Friday, October 2, 2009

I want to forewarn you...

That the upcoming posts for the next month or so will probably be quite depressing.

So, if you dont want to be brought down... just look at the photos.

But this is my blog, dammit, and I choose to share my personal tragedies and blessings as well as my art.






My grandpa, age 73, has chosen to go home (from the hospital) and die. Without his dialysis, he will fill up with fluid and his organs will fail. He, and my grandmother, have raised me since I was 6 months old. He is the closest thing to a father that I have.

Everyone will die, yes... I know, I know. And I dont want my Papa to suffer...

But how can I possibly wrap my head around this so that it's okay?

I feel paralyzed. I haven't slept well for days. I should have gone today, but can't seem to force myself to go to class. Creating art hasn't distracted me for more than 15 minutes at a time, and I can't put my heart into it.

I will see him later today, still in the hospital. I want to be strong, but then again, I just want to break down, throw my arms around him and beg him to keep trying. Change your mind, Papa. Don't give up, Papa. Please, please don't give up... I need you to stay alive.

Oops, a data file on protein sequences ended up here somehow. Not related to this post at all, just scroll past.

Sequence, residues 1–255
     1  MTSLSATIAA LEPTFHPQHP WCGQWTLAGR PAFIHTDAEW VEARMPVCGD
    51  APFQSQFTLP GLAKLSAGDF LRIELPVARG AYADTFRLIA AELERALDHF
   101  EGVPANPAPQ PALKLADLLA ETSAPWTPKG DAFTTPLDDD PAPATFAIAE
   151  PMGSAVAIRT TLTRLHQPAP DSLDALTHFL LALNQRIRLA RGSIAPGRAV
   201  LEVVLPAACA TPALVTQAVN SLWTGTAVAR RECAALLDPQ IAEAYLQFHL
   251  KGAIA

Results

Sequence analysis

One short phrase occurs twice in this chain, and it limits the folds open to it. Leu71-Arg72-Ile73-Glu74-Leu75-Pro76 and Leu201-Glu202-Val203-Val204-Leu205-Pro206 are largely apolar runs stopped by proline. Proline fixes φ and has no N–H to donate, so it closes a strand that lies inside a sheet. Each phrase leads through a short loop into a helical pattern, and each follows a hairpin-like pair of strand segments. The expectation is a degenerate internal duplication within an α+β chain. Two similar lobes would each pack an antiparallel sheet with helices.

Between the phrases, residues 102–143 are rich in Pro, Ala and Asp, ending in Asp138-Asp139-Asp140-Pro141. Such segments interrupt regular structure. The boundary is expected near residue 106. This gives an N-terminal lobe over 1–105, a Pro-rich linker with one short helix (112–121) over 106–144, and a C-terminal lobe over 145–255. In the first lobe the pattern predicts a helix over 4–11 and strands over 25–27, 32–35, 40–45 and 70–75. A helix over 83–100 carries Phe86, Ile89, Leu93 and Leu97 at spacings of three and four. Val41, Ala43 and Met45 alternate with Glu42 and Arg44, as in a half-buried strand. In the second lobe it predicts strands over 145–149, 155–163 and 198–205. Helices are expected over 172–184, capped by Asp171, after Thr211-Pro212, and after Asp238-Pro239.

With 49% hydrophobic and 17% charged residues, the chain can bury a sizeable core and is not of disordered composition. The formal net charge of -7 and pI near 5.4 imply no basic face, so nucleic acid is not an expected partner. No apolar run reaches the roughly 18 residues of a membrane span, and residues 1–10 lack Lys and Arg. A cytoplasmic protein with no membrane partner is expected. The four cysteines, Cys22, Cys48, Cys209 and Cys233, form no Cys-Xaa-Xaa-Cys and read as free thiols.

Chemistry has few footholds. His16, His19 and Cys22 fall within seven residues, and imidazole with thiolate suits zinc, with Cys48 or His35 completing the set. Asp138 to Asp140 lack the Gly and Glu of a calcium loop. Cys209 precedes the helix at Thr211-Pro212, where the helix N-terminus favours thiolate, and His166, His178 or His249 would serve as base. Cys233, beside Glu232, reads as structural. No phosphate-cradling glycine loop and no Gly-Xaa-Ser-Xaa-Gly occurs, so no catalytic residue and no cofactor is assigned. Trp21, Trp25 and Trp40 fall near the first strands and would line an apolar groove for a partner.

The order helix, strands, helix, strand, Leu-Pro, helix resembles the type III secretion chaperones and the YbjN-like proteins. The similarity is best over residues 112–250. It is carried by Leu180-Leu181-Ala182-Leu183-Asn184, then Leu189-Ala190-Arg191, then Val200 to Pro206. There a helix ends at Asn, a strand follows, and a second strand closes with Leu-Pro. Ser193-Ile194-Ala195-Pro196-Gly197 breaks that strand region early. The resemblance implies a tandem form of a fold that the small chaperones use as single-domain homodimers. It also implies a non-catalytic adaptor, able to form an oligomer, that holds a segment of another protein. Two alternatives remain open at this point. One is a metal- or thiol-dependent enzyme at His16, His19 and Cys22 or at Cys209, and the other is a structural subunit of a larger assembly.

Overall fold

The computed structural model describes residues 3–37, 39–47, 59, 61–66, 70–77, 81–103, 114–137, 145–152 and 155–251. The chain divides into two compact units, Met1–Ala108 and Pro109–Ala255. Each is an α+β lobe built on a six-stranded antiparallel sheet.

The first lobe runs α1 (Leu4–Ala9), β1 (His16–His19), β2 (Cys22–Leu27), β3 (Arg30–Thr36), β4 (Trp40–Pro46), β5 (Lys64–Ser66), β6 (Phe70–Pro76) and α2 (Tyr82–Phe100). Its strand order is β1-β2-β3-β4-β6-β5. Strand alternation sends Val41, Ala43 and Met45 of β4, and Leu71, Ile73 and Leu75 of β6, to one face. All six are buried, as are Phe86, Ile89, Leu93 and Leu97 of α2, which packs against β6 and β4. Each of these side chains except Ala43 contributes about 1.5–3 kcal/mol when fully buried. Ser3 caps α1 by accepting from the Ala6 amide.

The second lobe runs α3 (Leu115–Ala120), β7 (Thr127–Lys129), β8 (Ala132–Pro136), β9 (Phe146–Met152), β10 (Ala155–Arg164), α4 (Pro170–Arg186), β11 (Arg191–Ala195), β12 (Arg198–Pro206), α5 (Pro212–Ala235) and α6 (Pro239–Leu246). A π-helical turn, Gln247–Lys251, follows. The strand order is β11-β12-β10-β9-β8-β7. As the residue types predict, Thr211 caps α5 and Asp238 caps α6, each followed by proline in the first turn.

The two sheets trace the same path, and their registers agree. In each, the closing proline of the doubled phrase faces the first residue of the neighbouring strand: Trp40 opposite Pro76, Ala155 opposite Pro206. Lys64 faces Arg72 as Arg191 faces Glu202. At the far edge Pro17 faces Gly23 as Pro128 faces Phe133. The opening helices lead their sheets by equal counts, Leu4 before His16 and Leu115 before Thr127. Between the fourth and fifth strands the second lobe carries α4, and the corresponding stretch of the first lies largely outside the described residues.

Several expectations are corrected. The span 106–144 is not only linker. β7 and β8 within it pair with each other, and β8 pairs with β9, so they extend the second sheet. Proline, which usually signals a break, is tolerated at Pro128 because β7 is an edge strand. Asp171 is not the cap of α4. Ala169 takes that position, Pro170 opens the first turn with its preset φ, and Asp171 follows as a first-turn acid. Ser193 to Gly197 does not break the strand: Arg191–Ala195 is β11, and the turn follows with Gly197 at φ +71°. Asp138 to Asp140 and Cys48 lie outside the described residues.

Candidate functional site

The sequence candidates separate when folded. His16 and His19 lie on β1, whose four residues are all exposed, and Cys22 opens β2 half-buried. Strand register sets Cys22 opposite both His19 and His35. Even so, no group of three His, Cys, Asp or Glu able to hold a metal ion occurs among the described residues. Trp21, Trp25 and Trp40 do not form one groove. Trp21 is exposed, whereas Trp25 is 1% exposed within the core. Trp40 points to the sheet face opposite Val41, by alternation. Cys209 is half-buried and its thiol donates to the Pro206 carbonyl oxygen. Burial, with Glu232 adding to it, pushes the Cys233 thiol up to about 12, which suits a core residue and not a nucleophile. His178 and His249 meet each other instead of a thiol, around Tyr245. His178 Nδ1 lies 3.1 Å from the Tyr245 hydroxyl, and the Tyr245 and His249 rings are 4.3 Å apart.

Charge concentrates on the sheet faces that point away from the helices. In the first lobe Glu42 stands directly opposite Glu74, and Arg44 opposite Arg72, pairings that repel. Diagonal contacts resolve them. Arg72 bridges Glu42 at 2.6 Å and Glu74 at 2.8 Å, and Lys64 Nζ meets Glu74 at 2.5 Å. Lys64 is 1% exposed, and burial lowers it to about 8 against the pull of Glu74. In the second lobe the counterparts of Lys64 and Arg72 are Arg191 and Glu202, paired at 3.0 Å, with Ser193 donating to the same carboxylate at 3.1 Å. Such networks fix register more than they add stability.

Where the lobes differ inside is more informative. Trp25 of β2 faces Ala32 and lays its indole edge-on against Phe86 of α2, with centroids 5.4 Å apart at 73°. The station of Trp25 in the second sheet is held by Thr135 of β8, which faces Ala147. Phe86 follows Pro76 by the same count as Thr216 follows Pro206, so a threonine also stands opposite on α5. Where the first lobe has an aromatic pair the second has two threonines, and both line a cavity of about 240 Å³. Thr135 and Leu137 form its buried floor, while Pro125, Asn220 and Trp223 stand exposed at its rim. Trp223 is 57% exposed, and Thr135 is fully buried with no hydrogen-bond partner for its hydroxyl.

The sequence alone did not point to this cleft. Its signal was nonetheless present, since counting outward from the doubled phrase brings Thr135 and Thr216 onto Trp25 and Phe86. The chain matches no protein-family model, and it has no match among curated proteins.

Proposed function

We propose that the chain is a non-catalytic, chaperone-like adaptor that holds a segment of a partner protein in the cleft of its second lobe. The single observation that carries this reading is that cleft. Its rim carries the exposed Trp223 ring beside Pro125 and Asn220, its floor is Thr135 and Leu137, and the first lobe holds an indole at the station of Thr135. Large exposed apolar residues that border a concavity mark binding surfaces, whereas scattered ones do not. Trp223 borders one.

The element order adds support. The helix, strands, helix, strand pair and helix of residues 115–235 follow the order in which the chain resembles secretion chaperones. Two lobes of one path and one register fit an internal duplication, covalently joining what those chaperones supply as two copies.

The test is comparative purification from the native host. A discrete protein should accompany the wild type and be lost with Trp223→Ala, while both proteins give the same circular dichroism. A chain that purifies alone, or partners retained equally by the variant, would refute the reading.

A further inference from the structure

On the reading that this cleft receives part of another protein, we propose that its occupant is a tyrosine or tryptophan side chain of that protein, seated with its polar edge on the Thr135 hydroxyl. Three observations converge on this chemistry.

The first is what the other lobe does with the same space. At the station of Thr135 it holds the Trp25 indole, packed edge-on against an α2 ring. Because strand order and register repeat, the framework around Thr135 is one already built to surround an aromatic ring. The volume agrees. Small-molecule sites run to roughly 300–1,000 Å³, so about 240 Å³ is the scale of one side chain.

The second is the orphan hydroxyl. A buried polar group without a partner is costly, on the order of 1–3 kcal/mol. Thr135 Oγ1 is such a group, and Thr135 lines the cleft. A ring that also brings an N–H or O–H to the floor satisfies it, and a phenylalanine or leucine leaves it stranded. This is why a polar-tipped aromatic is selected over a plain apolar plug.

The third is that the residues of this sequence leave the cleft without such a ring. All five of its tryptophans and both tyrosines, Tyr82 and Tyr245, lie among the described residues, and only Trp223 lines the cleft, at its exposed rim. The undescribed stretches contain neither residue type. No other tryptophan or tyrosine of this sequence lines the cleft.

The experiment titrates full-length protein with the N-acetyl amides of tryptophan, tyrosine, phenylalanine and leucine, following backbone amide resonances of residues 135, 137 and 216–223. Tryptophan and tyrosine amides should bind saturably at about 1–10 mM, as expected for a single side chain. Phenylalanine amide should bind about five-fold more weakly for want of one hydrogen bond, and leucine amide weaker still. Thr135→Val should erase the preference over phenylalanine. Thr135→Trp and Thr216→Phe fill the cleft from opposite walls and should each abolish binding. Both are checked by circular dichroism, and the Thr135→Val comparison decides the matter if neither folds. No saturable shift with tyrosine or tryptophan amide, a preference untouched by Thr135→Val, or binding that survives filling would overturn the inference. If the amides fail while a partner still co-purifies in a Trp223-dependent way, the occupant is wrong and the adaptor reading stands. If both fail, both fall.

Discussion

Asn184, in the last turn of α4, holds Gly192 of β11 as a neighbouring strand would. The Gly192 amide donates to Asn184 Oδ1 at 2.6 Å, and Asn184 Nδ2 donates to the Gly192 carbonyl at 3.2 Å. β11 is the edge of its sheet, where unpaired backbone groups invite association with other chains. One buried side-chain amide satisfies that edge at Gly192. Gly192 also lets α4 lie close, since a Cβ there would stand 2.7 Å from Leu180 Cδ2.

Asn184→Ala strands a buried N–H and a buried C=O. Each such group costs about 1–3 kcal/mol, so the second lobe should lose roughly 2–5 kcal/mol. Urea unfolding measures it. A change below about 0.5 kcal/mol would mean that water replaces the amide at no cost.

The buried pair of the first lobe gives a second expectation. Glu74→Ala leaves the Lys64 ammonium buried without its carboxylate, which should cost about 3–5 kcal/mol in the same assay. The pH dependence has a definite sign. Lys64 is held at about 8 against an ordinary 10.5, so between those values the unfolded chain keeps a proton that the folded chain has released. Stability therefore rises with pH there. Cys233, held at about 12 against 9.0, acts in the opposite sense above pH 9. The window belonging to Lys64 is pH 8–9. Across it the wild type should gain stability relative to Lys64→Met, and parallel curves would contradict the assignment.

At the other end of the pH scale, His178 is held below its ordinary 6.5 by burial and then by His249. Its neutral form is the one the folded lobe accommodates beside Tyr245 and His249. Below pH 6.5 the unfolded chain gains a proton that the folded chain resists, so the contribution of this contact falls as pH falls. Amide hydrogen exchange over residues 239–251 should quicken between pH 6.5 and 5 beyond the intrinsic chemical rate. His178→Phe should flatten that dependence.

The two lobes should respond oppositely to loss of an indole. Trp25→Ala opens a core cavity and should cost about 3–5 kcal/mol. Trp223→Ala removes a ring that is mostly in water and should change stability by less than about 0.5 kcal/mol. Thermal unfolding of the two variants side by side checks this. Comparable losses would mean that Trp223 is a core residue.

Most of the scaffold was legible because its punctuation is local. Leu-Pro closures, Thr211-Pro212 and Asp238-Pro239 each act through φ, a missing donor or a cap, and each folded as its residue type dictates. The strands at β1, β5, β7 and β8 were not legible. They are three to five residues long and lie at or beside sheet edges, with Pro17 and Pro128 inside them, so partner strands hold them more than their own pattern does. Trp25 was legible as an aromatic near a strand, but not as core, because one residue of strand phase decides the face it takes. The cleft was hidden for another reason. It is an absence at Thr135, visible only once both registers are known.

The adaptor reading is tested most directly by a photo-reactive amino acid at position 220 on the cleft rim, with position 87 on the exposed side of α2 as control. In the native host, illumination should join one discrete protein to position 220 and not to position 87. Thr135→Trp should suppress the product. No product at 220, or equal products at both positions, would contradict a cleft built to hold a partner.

But goddamn it, how selfish is that?




I feel tangled up and all alone.

_________________________

Sylvie Blum. From our second shoot.

10 comments:

Dave Levingston said...

Thank you for being here and being your wonderful self. My thoughts are with you. I do understand how difficult what is happening is for you. Be strong. And cry.

Shadowscapestudio said...

When quality of life has deteriorated to the point of feeling better about letting go, it is always hard on others but best for the person involved.
And it is selfish that we want them to remain miserable in order for us to keep them around a bit longer.
That didn't sound quite like I had meant to imply it, but I think you know me well enough that I don't have to attempt to re-write it to make it sound more palatable.
The worst thing you can do it make him feel guilty about his decision. He just want to be done with it all. Make him comfortable and happy, not going out feeling guilty.
And I am only a phone call away.

e-string said...

You've been living mostly without his guidance for a while now. As I always say, you're stronger than you know.
Of course the emotional connection you two have is what you're really referring to, I'm guessing.
Celebrate his life. It must have been good; you're in it.

You aren't alone. Believe it or not, I'm here for you (and can try to be THERE for you) selflessly and unconditionally, if ever you want or need it.

Damion009 said...

ok! I have never seen with my two eyes a modal with your amazing grace! it simply B E A U T I F U L!!! I can truly say that I am a BIG FAN! thank you for being so OUTSTANDING!

Chip Willis said...

Never a problem, and your friends are nearer than you think, so when you need to cry you know who to call.

It is quite honorable what you are doing and openly caring. I didn't have a relationship like this and hearing it from you gives insight to things I never knew. Pain is what it is and well, you know my bit about the empath.

Z said...